Hidden Pockets: With all these challenges, what are some ways in which persons without disabilities can become more accepting of persons with psychosocial disabilities as sexual beings?
This is a difficult question to respond to because it is tied to so many things.
Firstly, they have to be recognised as human beings and only after that arises the issue of their sexuality. In fact ‘recognition as a human being’, automatically implies that they also need to be recognised as sexual beings. But how will people with psychosocial disabilities be recognised as sexual beings without the strengthening of the de-stigmatization movement?
Secondly, we also need to think about public sexual policy and sexual policy within public health. Policies have to be framed for promoting healthy, affirmative sexuality. For example, within the confines of institutions, if a person desires to have private time for self-pleasuring then the person should be given a room to engage in self-pleasuring in private. There has to be access to toiletries and grooming facilities so that their sexual identity becomes visible as opposed to being invisible and these have to be framed as part of a policy. Without these type of policy changes, I don’t see how acceptance of psychosocial persons is going to happen.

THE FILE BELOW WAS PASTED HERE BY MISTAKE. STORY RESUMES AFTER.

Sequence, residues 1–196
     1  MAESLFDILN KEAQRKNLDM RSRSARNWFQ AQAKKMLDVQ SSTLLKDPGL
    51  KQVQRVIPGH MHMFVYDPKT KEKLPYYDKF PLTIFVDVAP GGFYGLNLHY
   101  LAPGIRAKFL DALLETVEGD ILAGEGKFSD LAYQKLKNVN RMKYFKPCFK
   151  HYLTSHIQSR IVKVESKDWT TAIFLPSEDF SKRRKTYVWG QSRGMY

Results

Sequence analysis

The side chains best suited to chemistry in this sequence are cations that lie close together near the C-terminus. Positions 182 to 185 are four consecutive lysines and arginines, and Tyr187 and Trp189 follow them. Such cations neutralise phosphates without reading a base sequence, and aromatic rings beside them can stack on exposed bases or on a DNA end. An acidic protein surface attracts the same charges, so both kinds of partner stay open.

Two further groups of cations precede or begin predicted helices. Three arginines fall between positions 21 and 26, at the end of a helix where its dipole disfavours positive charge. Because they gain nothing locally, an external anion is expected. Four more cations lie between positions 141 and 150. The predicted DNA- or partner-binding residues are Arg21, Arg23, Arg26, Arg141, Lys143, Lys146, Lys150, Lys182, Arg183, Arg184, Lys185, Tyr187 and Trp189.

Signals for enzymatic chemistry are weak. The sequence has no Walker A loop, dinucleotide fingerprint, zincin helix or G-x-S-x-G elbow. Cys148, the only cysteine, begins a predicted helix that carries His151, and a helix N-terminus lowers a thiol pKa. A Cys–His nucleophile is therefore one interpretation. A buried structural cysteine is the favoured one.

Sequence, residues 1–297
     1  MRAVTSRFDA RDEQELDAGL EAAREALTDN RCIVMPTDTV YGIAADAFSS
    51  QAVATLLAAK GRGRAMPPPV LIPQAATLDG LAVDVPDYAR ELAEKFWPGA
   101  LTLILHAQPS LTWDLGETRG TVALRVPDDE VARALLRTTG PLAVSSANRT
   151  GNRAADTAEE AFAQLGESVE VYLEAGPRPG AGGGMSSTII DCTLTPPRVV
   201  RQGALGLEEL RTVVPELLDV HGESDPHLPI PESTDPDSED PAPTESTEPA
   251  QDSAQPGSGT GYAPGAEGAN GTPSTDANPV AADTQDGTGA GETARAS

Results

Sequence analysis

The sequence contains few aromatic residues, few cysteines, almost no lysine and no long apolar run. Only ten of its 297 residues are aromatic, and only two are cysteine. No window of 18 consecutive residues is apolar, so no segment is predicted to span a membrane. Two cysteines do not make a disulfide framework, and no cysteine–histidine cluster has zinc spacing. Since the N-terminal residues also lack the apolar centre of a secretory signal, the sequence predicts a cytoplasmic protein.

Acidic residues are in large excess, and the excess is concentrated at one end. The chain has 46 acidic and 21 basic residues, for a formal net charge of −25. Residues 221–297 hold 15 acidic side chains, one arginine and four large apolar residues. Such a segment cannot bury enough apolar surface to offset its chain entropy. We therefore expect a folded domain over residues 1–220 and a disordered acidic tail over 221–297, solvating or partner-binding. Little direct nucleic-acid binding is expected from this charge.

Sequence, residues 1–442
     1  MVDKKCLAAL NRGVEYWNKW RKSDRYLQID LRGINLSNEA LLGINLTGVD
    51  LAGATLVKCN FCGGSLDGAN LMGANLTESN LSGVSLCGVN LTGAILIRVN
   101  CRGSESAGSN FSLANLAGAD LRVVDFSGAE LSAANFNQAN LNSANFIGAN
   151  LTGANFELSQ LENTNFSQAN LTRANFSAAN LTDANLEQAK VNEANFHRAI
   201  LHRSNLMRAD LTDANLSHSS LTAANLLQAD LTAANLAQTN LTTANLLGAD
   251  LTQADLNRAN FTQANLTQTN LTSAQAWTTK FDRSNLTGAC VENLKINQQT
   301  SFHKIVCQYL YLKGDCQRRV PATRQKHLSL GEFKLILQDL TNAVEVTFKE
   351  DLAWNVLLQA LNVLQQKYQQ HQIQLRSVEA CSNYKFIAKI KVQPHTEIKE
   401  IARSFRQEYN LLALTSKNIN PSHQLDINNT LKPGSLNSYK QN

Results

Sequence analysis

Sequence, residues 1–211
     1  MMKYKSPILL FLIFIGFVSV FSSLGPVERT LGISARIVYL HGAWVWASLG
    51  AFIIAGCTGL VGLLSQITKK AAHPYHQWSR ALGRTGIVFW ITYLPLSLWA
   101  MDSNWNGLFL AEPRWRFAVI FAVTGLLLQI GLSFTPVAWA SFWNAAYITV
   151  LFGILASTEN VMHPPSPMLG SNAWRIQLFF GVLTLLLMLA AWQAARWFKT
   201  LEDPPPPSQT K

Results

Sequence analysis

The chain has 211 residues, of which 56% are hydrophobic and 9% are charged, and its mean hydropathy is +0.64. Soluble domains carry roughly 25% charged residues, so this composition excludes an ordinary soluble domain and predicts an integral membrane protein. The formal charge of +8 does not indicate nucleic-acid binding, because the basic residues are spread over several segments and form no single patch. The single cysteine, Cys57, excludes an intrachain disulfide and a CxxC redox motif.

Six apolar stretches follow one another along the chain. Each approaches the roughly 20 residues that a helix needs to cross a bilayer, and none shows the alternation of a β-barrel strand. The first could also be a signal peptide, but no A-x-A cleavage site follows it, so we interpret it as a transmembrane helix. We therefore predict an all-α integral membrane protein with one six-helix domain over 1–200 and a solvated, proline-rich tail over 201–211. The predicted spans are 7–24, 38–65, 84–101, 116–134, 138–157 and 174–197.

More and more people with psychosocial disabilities need to come into public spaces and talk about their desires, their needs and challenges and make it a political statement because with sexuality, there is a huge dilemma about how public can you make the private. Whether we like it or not, sex and sexuality is very private. You have to be ready to bring it out into the public domain to make it a political statement. We activists can go out and talk about it but we cannot drive the agenda because I always feel like a voyeur. I’m privileged to many narratives. And I really have to deal with a moral and activist dilemma of whether we can make this public or not.
Hidden Pockets: This being a complex issue with complex solutions, what are the ways you encourage the participants whom you work with to explore pleasure?
One is legitimizing and de-shamming the subject and the other is creating a safe place for them to trust us.